This blog is designed to highlight the diversity of views and news stories on urban energy topics that appear daily in the media. They are intended to provoke discussions on how cultural, geographic, political, and institutional influences shape the way energy markets operate and energy policies are made in cities around the world.
Thursday, September 06, 2012
Plymouth Town Meeting petition proposes wind turbine moratorium
By Christine Legere
September 5, 2012
With seven wind turbines queued up for construction in Plymouth, a group of residents has submitted a petition for a fall Town Meeting article that would set a two-year moratorium on more permits.
During the break, the Planning Board would conduct a “comprehensive review of the existing bylaw . . . in light of the reported health impacts and widespread litigation in neighboring communities,” the proposal states.
As part of the process for fall Town Meeting, which will convene Oct. 20, the Planning Board will hold a public hearing on the warrant article at 7:15 p.m. Monday in Town Hall.
The petition’s author, Kerry Kearney, said he isn’t against wind energy. “I just don’t think they should be built so close to residents,” he said.
Plymouth was one of the first communities in the state to enact a wind-energy bylaw, in 2005. The town’s Energy Committee chairman, John Corcoran, said the bylaw was originally drafted to allow construction of a municipal wind turbine near the waste-water treatment plant to generate a little income for Plymouth.
“It was going in an area that everybody could accept,” Corcoran said. The turbine was never built, but the bylaw, following a review by the state, was expanded to allow for wind projects on private property in addition to those on municipal land.
Since the bylaw’s enactment, the Zoning Board of Appeals has approved special permits for turbines in four locations: on bogs off Head of the Bay Road; near Hedges Pond Road; near Walmart at Colony Place; and the Balboni commercial-industrial property off Camelot Drive.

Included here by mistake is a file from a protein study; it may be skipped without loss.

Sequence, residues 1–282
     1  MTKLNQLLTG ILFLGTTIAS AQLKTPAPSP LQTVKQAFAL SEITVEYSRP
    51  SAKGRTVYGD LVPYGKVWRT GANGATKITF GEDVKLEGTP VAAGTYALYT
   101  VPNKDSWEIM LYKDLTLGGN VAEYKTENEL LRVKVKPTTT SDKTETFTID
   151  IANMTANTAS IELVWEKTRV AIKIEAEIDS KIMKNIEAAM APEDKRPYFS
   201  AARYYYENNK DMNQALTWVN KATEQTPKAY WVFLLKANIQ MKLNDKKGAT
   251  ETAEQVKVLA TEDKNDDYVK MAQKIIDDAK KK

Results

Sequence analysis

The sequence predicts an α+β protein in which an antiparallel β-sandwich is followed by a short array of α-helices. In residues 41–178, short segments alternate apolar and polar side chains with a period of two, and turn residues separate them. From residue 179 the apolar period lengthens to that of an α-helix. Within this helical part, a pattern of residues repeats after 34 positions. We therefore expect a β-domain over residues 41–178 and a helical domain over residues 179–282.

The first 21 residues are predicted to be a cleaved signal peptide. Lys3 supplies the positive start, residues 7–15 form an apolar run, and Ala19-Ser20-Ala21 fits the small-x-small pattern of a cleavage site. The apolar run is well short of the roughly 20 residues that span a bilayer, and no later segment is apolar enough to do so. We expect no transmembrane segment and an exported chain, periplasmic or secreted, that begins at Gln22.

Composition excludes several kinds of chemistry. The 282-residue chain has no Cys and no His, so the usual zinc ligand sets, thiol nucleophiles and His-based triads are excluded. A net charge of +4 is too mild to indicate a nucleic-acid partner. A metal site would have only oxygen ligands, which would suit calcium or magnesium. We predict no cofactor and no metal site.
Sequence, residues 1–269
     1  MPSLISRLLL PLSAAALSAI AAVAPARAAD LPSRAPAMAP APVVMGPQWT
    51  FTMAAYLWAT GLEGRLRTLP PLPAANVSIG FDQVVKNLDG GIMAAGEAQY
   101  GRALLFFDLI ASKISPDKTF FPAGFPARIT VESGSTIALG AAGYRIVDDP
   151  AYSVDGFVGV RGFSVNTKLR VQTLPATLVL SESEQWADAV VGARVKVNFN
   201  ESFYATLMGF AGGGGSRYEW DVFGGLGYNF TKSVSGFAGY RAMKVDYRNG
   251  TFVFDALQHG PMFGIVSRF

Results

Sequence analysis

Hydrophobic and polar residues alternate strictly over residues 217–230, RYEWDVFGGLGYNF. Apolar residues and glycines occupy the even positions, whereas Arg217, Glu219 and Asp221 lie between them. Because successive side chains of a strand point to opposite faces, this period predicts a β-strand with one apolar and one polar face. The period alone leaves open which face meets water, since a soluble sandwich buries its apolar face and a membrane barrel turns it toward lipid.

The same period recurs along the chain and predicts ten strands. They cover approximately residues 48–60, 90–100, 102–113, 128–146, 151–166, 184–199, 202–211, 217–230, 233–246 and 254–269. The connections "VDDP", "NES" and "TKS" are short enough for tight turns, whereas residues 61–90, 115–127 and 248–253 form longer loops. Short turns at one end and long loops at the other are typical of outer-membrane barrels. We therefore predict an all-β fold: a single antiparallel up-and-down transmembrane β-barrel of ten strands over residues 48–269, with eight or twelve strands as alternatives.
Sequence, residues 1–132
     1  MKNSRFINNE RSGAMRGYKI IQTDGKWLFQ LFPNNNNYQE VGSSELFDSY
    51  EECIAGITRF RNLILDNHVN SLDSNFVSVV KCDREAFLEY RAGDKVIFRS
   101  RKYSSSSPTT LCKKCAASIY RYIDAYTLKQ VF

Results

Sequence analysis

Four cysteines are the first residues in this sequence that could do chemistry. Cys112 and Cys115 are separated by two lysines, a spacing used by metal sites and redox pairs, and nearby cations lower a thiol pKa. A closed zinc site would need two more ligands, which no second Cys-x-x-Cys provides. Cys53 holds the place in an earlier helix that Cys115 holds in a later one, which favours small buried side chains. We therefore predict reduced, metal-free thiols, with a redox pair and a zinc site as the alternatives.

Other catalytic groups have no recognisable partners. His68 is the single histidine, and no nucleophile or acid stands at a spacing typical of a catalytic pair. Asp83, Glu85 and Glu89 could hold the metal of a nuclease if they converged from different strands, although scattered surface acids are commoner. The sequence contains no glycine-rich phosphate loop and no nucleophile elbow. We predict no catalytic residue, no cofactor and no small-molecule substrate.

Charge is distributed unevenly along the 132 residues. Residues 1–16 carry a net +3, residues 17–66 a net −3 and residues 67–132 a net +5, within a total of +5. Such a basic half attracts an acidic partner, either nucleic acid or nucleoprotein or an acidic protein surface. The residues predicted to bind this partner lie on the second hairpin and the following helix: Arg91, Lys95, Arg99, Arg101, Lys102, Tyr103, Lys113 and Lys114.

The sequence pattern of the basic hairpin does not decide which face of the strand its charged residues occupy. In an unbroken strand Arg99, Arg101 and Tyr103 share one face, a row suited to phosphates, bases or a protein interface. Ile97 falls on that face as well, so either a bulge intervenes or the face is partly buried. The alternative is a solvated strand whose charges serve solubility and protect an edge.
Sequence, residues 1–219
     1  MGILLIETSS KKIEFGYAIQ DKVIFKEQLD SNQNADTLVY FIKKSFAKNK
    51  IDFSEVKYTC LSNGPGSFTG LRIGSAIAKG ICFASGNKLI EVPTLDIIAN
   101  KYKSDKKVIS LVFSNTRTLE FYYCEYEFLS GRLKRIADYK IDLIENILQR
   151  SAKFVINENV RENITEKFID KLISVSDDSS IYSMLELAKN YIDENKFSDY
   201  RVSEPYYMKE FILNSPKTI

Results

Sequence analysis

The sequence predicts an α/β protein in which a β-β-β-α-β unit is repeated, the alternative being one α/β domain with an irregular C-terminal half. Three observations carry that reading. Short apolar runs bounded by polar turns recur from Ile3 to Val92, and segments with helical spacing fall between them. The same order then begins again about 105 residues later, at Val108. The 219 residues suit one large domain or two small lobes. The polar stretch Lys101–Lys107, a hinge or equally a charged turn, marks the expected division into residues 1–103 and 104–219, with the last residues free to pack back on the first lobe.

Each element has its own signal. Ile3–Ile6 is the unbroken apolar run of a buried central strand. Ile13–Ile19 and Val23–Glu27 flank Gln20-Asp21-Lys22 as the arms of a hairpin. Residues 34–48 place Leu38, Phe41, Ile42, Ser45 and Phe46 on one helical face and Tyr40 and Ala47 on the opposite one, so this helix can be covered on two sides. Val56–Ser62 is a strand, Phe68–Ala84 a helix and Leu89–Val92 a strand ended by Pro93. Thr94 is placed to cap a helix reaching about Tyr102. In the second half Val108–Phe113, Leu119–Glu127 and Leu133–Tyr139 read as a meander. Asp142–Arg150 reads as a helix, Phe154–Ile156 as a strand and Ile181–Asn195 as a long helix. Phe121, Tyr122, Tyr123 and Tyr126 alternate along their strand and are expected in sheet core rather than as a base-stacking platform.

No turbines have been completed, but the Balboni tower is under construction.
Kearney said the biggest flaw is the local bylaw’s distance requirement, which allows a turbine to be no closer than its full height, from the ground to blade tip, from a neighboring property line.
“There are lots of examples of where there are turbines three tower heights away from residents, and people are still struggling with health problems,” Kearney said.
Kearney’s home on Treetop Lane is close to the targeted location of two proposed turbines off Hedges Pond Road in south Plymouth. The proposal was ultimately abandoned due to public outcry.
A later plan for a single wind turbine off Hedges Pond Road, about a half mile from Kearney’s property, received its local permit, but is stalled by a court appeal by neighbors.
South Plymouth bog owner Keith Mann is on track to soon begin construction on his four 492-foot-tall wind turbines, although his project had also been delayed by court appeals filed by neighbors.
Mann said last week he has reached settlements with the neighbors of three wind turbines and expects a settlement soon with neighbors of the fourth. The turbines, which will stand in his bogs off Head of the Bay Road, should be up and running by fall 2013, Mann said.
Public resistance to turbine projects has been considerable in many area communities.
An industrial-size turbine, proposed by the Trustees of Reservations for Cohasset’s Turkey Hill, has been tied up in court for two years. Milton’s proposal for a 2-megawatt machine remains the subject of an appeal from the neighboring Granite Links Golf Club, although the town expects a settlement to be reached within the next two months.
Pushback from concerned residents in Duxbury caused the town’s Alternative Energy Committee to halt plans for a municipal wind turbine late last year.
And in Kingston, neighbors of three privately owned industrial wind turbines and a fourth on the town’s landfill, and known as Independence, have drawn outcry from neighbors who say the whirring blades are causing health problems ranging from ringing ears and chronic headaches to vertigo and sleep disturbance.
State officials recently agreed to conduct noise studies of the Kingston turbines, similar to ones they did in Falmouth and Fairhaven.
Mann said he thinks turbines have been given a bad name because of the noise from an older wind turbine in Falmouth. “Modern wind turbines are much quieter,” said Mann, who added extensive noise studies, projecting the impacts of his four turbines, had been conducted.
“There’s a lot of science behind it,” Mann said. “But there are always going to be some who feel there should be no noise.”
Plymouth planning technician Patrick Farrah, who is working with a subcommittee on amendments to the town’s wind energy bylaw, said the panel may step back to see what happens with the petition article next month.
“If there’s a moratorium, it will give us a chance to look at our options,” he said.
Petition articles with sufficient signatures are automatically placed on the Town Meeting warrant, but are reviewed by the town’s attorneys. Based on the legal review, Town Manager Melissa Arrighi said, some sections of the moratorium proposal may need adjustment for Town Meeting to act on it.
For instance, she said, the proposed bylaw would stop building permits from being issued for approved turbines during the moratorium. Those projects, however, would be grandfathered, and could therefore move forward with construction after the moratorium, Arrighi said.